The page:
D.C.-based crew charged with robbing Asian American-owned jewelry stores along East Coast

Matthew M. Graves, the U.S. attorney for the District of Columbia, arrives for a Wednesday news conference to announce charges involving a D.C.-based robbery ring that allegedly targeted jewelry stores in four East Coast states. MUST CREDIT: Washington Post photo by Bill O’Leary

Authorities have dismantled a D.C.-based robbery ring they allege used stolen vehicles in robberies of Asian American-owned jewelry stores along the East Coast, netting hundreds of thousands of dollars in illegal proceeds, federal prosecutors announced Wednesday.

After conducting raids in the District, Virginia, Maryland and California, officials said, they arrested eight men in the case. They said eight others named in an indictment were already in custody. Prosecutors said they confiscated firearms and $300,000 from a safe in one of the residences.

Though officials said the crew based their operations in D.C., all of the stores that were robbed between January 2022 and January of this year were outside the nation’s capital. Four were in Northern Virginia, three in New Jersey and one each in Pennsylvania and Florida, authorities said.

A D.C. police vehicle in the the city’s Truxton Circle neighborhood Wednesday, the site of one of the raids, which in total yielded eight arrests. MUST CREDIT: Photo for The Washington Post by Al Drago

Matthew M. Graves, D.C.’s top federal prosecutor, said while all the stores are owned by Asian Americans, no hate-crime charges are being considered. He said the stores were not targeted because of the owners’ ethnicity, but rather because the suspects thought their stores carried a type of gold they believed was easy to sell.

“These were takeover-style armed robberies meant to terrify and overwhelm store owners and employees,” James Dennehy, the special agent in charge of the FBI’s field office in Newark, N.J, said at a news conference in D.C.

Dennehy described many of the targeted jewelry stores as family-owned. “The violent and reckless actions of the alleged subjects in this investigation are astounding,” he said.

All 16 defendants were named in the indictment, filed in U.S. District Court in D.C. charging them with conspiracy to commit robbery. Some face additional counts that include carjacking and using firearms in crimes of violence. Officials said none of the suspects made court appearances on Wednesday, and it could not be determined if they have attorneys. Authorities said they range in age from 20 to 45. A dozen live in D.C., two in Maryland and one each in Virginia and California.

The announcement of Wednesday’s operation came amid a spike in carjackings and robberies in D.C. that authorities have struggled to control since the start of the pandemic. Robberies in D.C. are up 67 percent this year compared to this time in 2022, according to police data.

D.C. police have reported 662 carjackings so far this year, a 102 percent increase over this time in 2022. Police have said the suspects typically fall into two categories: people seeking joyrides, and those using stolen vehicles to commit other crimes.

Earlier this week, federal prosecutors in D.C. charged an 18-year-old with carjacking vehicles at gunpoint and unknowingly selling them to undercover D.C. police officers posing as buyers. Those officers paid between $1,200 and $3,800 for the vehicles, which had been taken to a garage on Florida Avenue in Northeast Washington, according to the indictment.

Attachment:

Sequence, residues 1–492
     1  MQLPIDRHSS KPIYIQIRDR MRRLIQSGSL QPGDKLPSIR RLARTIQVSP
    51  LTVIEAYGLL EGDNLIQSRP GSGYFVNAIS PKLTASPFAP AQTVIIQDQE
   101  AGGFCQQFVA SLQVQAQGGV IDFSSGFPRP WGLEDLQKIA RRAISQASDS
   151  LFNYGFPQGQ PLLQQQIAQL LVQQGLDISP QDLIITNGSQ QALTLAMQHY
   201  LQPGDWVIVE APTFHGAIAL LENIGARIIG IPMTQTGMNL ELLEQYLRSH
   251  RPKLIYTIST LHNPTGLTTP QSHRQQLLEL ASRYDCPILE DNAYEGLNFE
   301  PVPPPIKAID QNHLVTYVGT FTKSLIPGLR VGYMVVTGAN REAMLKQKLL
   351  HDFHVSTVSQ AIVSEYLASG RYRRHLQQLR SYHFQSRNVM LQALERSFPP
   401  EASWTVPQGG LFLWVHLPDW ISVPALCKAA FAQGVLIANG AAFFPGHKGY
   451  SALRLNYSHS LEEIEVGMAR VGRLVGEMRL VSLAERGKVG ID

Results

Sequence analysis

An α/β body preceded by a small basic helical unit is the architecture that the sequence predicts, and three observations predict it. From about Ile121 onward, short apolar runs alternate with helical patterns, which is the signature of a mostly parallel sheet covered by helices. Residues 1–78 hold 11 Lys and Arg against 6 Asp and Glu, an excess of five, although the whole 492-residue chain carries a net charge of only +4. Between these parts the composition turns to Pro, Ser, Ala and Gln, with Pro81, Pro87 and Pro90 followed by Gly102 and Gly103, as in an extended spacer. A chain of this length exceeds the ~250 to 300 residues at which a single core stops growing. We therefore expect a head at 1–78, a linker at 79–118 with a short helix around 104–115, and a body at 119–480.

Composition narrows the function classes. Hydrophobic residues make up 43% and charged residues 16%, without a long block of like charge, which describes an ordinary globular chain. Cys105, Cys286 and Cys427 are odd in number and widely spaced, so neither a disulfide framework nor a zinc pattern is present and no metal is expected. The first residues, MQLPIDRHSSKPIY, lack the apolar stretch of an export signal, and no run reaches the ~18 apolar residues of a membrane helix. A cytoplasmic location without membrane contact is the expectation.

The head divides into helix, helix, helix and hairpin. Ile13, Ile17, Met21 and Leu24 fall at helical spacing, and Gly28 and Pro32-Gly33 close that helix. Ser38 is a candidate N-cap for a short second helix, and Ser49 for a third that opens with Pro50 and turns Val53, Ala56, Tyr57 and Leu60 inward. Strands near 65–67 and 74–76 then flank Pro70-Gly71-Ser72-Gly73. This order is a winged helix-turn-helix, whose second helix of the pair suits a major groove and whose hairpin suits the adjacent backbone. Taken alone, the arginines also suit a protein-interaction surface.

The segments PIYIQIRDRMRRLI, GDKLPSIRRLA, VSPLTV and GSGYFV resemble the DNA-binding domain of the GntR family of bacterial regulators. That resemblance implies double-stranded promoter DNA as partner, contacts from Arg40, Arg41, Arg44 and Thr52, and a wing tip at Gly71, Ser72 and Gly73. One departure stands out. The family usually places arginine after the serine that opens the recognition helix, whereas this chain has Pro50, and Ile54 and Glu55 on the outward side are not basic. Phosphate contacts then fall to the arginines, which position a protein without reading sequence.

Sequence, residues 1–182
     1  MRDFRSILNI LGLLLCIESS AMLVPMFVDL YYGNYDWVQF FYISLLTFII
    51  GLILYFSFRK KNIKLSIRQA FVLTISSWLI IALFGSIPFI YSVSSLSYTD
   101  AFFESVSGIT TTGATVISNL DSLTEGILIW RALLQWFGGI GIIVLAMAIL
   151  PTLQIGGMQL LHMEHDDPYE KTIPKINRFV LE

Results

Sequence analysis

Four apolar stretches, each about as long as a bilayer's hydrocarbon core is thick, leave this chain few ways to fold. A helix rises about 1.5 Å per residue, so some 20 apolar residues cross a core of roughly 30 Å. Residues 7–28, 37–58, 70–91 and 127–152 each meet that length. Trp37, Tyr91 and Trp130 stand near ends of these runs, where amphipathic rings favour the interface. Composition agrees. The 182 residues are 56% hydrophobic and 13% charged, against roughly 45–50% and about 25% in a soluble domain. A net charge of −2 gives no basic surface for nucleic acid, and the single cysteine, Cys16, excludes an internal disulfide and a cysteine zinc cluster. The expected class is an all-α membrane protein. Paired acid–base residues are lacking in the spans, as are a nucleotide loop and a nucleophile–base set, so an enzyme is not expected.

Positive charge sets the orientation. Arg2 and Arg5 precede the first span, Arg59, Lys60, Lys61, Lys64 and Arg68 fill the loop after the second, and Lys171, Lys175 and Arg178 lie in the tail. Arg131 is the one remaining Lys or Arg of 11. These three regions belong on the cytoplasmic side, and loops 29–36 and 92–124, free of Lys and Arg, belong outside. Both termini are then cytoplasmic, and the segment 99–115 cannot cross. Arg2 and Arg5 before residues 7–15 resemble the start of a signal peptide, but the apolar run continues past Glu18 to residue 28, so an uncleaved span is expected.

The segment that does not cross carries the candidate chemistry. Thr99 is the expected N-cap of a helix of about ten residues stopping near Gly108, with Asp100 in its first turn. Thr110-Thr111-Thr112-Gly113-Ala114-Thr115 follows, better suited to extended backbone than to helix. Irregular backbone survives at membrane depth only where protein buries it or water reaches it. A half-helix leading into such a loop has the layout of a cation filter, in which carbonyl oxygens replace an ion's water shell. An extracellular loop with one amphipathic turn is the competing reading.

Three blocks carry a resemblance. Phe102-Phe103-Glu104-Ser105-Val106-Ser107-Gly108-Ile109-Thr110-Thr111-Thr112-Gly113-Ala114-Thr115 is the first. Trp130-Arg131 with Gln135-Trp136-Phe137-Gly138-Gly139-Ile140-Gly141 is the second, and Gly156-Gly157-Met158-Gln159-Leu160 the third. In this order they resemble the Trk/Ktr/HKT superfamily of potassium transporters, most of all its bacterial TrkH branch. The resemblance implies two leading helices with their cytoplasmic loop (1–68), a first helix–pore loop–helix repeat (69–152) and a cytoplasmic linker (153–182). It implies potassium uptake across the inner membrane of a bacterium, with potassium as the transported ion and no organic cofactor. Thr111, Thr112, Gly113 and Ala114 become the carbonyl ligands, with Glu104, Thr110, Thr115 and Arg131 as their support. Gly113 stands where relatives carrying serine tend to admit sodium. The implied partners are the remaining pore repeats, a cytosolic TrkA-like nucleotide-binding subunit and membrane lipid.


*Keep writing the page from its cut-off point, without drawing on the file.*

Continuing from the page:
Graves, the U.S. attorney for the District, said carjacking and stealing vehicles for profit “is a trend that we’re monitoring.” Graves said the D.C. area has “seen an unprecedented rise in carjackings, and more recently, in armed robberies.”

In a new attempt at curbing the crimes, Graves said he has instructed prosecutors in his office to “strongly consider” charging juveniles ages 16 and 17 as adults in cases in which they are accused of multiple robberies. He said “sprees and patterns are not impetuous crimes of a juvenile who temporarily lost control.”

Authorities said the case involving the jewelry store robberies began with arrests in D.C. of two men charged in illegal firearms cases. Graves said those investigations uncovered a more coordinated robbery scheme targeting the jewelry stores, including two in Falls Church and two in Springfield, Va. Prosecutors said the case then sprawled to four states, involving many local and federal law enforcement officers. Authorities said the robberies were carried out in similar fashion by armed men disguised in dark clothing, masks and gloves.

Authorities declined to provide precise locations of Wednesday’s raids but did confirm one was at a two-story rowhouse in the District, on First Street Northwest in the Truxton Circle neighborhood. Police said the $300,000 found in a safe was at a location outside of D.C.

Police and prosecutors said they could not put a total dollar amount on what was taken from the stores, but estimated the total was in the hundreds of thousands of dollars. Dennehy said owners “lost large sums of inventory.”

Acting D.C. police chief Pamela A. Smith told reporters that “while this investigation took some time, the message is very clear. If you choose to recklessly disregard safety in D.C., we collectively will do everything we can to find and hold those folks accountable.”



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